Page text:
A FIFA evaluation committee wrapped up its visit to Atlanta on Wednesday, checking out possible sites for the 2026 World Cup.
The committee toured Mercedes-Benz Stadium, one of the proposed venues for the joint bid from the United States, Canada and Mexico. The $1.6 billion, retractable-roof facility opened last year and hosted the largest single-game crowd in Major League Soccer history when 71,874 fans turned out for Atlanta United’s match against Toronto FC.
The visit also included stops at the Georgia World Congress Center, which could presumably serve as the media headquarters, as well as Atlanta United’s suburban training facility.
Atlanta is one 23 potential sites proposed for the World Cup — 17 in the United States, plus three each in Canada and Mexico. Up to 16 stadiums will be used in 2026, when the tournament will expand from 32 to 48 teams, and each city must also provide a plethora of training facilities.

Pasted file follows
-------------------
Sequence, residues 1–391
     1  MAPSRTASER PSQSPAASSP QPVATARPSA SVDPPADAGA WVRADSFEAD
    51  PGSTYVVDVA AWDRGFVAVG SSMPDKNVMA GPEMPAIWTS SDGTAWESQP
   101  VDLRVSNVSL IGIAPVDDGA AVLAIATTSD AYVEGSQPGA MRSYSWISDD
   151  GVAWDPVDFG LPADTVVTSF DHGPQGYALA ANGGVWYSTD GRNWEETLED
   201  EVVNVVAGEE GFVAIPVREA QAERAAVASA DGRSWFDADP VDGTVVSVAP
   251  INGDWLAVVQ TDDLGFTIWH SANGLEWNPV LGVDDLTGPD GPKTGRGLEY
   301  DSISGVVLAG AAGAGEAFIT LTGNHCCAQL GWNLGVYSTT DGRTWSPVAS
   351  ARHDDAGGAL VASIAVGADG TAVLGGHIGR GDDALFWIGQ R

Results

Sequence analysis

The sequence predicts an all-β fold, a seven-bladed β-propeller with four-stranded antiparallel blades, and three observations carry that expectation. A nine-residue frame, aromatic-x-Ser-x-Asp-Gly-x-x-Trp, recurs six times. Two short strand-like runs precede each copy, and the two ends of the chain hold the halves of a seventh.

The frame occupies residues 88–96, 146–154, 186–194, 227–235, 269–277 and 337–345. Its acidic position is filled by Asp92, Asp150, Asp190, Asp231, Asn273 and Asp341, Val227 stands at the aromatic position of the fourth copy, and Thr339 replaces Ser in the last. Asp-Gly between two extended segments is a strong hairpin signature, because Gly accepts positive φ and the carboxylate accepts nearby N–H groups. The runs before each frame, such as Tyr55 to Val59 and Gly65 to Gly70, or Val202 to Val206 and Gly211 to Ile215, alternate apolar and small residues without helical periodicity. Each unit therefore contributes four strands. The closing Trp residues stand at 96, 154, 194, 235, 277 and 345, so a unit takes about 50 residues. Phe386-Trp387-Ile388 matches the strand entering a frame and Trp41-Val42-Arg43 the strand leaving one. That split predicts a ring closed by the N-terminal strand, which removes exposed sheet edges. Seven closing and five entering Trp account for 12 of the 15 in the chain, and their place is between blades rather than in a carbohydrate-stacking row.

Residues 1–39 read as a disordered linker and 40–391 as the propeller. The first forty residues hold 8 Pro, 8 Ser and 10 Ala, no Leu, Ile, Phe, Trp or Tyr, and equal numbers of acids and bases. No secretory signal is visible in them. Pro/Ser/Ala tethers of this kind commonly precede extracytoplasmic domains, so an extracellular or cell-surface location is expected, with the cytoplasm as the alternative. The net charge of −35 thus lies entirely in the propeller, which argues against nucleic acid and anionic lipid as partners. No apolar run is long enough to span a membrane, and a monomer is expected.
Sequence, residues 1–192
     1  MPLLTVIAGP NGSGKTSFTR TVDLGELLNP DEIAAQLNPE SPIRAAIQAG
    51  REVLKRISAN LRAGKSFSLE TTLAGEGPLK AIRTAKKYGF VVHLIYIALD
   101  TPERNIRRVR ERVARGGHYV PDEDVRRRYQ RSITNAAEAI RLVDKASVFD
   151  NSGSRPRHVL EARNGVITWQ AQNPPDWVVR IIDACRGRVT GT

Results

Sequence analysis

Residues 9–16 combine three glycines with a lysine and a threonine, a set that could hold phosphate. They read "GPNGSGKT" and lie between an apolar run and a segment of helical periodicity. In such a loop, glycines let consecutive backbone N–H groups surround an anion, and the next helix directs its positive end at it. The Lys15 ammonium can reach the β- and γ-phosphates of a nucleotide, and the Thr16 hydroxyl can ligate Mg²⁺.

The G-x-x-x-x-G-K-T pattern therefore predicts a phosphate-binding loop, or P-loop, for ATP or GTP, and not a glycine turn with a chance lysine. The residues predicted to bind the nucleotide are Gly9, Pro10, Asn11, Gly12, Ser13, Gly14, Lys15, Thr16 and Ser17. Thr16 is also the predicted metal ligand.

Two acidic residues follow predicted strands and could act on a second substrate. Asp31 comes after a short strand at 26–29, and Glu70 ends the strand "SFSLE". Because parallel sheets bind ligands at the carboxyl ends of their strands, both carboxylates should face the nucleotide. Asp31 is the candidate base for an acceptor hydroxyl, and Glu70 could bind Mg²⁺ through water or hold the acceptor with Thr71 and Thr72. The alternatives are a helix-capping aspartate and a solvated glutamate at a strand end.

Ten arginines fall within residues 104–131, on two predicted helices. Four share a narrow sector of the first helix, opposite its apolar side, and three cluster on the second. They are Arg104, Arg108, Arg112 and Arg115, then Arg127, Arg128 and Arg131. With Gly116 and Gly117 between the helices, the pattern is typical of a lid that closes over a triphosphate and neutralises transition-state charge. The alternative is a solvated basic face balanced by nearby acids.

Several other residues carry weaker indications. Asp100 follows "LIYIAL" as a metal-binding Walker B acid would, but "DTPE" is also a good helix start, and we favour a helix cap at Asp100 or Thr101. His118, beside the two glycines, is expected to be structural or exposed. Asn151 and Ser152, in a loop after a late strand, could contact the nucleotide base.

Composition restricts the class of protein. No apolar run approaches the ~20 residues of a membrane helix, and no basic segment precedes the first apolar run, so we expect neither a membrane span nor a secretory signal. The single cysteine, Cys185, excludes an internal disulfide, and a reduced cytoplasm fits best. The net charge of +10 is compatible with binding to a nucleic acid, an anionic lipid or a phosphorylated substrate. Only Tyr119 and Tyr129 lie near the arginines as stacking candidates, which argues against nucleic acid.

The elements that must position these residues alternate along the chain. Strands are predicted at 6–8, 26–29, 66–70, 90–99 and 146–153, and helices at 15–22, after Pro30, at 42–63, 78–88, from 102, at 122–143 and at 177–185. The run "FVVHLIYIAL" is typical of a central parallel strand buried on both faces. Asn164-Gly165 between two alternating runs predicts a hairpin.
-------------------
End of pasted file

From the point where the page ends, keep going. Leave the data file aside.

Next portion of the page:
The evaluation committee has already visited Mexico City, and plans stops in New York/New Jersey and Toronto.
FIFA will select the winning bid in June. Morocco is the only other contender.
Carlos Bocanegra, technical director of Atlanta United and a member of the bid committee’s board of directors, pointed out that Mercedes-Benz Stadium hosted college football’s national championship game in January and will be site of the Super Bowl and the NCAA men’s basketball Final Four over the next two years.
Atlanta United, which recently began its second season in MLS, is already a huge success story. In addition to the single-game record, the team set a total attendance mark by averaging 48,200 per game in its debut season.
The Georgia World Congress Center has 1.4 million square feet of exhibition space, making it the fourth-largest convention venue in the U.S. and a logical hub of media operations in 2026. During the 1996 Summer Olympics, it hosted the main broadcast center as well as temporary venues for seven sports.
“Atlanta can host a world-class event,” Bocanegra said. “We’re really proud of this city, and we were able to show a bit of the fan culture here — the excitement in the city surrounding the soccer team, and just how much that would grow and exponentially be greater if we were able to host a World Cup here.”